Shale gas one of the least sustainable ways to produce electricity, study shows
Shale gas is one of the least sustainable ways to produce electricity, according to research from a team at the University of Manchester.
The study considered the environmental, economic and social sustainability of shale gas in the UK and compared it to other electricity generating options. These were coal, nuclear, natural gas, liquefied natural gas (LNG), solar photovoltaics (PV), wind, hydro and biomass.
It found that out of the nine options, shale was the seventh least sustainable.
They rated each type against 18 sustainability indicators. Of these, 11 were environmental, three economic and four social. Examples of the indicators considered include climate change impacts, environmental pollution, costs of electricity, creation of jobs and public perceptions.
Ultimately, to become the most sustainable option, shale gas would need to achieve a 329-fold reduction in environmental impacts and a 16-fold increase in employment.
The environmental and social sustainability of shale gas would also need to improve by up to 100 times for it to compete with domestic natural gas and imported LNG.
The UK government believes shale gas has the potential to provide the UK with greater energy security, growth and jobs. It is “encouraging safe and environmentally sound exploration to determine this potential”.
Despite significant opposition, extraction company Third Energy has finally started exploratory operations in Lancashire and last week said it was encouraged by the amount of gas potentially available.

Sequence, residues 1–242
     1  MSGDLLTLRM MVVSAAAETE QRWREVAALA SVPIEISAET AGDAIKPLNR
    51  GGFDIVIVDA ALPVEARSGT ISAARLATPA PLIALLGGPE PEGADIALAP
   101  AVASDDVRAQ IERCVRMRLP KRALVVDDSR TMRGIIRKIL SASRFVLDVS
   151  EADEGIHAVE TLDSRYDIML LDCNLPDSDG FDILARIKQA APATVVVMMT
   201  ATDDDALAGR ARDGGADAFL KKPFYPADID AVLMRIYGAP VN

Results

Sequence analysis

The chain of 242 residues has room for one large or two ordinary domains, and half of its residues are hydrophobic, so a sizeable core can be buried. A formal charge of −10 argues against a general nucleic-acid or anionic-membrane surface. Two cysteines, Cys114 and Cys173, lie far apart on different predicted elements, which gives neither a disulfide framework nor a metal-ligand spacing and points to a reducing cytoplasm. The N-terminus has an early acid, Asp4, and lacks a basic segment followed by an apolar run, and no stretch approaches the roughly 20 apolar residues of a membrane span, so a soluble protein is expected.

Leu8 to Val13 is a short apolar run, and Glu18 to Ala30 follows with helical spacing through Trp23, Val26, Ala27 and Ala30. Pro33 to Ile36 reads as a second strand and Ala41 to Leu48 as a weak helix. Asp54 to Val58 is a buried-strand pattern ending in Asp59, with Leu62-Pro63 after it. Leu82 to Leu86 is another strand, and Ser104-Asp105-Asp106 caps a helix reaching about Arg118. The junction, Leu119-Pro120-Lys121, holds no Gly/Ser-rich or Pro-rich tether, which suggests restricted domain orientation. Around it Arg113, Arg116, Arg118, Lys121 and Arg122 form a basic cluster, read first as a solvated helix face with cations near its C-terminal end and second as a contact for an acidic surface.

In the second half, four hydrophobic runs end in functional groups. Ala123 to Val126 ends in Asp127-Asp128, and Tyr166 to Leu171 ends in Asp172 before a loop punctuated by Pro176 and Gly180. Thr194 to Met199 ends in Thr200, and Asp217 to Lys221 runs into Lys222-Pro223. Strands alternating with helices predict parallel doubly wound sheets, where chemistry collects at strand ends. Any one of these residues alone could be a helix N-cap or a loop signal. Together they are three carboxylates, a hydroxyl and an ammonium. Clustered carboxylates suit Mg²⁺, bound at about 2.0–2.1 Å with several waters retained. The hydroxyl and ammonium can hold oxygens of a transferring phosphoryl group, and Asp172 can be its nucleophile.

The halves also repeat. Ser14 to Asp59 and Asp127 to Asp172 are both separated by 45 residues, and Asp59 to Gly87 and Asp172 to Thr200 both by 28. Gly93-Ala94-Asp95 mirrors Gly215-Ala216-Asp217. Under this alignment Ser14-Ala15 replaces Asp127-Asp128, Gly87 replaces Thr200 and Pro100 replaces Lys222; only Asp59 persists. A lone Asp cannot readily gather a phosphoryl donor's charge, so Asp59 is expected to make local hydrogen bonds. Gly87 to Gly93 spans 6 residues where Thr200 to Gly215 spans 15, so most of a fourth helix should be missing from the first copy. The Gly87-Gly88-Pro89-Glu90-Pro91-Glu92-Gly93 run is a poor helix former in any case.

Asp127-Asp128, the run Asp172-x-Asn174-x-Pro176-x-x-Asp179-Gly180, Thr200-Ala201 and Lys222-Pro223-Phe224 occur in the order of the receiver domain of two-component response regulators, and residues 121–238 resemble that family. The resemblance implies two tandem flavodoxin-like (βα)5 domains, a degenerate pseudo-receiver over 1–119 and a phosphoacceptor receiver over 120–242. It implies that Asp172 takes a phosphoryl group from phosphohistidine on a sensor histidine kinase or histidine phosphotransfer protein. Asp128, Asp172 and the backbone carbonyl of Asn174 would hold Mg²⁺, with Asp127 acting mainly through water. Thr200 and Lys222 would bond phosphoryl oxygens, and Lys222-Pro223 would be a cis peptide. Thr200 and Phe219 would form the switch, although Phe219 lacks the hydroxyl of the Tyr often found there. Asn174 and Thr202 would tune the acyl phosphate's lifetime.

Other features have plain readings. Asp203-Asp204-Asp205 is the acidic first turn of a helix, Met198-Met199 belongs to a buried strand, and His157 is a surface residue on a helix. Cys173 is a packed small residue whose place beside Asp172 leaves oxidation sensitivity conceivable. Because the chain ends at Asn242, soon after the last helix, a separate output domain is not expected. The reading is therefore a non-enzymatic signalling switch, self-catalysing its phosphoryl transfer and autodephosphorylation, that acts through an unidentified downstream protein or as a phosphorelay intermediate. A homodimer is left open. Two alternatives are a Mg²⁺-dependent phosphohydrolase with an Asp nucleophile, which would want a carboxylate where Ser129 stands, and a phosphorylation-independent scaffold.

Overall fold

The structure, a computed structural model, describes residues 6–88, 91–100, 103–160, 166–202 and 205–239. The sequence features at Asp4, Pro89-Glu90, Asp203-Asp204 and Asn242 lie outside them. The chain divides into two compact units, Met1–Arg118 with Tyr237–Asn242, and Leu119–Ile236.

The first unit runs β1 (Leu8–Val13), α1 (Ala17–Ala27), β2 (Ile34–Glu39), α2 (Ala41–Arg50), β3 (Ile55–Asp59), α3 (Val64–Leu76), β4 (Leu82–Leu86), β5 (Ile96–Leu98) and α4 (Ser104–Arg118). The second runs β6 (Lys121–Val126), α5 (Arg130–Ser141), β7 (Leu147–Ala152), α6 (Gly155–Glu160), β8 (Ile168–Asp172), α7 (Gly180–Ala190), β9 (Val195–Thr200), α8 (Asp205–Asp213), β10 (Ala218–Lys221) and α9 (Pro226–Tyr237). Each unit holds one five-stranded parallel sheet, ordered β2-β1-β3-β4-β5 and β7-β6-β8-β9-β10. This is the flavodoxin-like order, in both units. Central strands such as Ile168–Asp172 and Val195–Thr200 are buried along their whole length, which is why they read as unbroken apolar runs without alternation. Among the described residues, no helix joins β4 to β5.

“Many countries are considering exploitation of shale gas, but its overall sustainability is disputed,” said Professor Adisa Azapagic, Manchester University.
“Previous studies focused mainly on environmental aspects of shale gas, largely in the US, with scant information on socio-economic aspects.
“To address this knowledge gap, our research - for the first time - looks not only at the environmental impacts but the economic and social aspects of shale gas as well.
“This enables us to evaluate its overall sustainability, rather than focusing on single issues, such as water pollution, traffic and noise, which have dominated the debate on shale gas so far.’
Whilst the current government and industry are keen to develop shale gas, Scotland has banned fracking, despite criticism from energy company Ineos. Strong opposition to fracking continues throughout the UK from numerous stakeholders, including non-governmental organisations (NGOs), local residents and activists across the country.
The impacts on the environment from fracking are the main argument against the exploitation of shale gas, but supporters of fracking highlight improved national energy security and economic development as key benefits.
A study from last year found that electricity generated from coal could release between 10 and 100 times more toxic chemicals into the air, soil and water than that generated from natural gas extracted with fracking.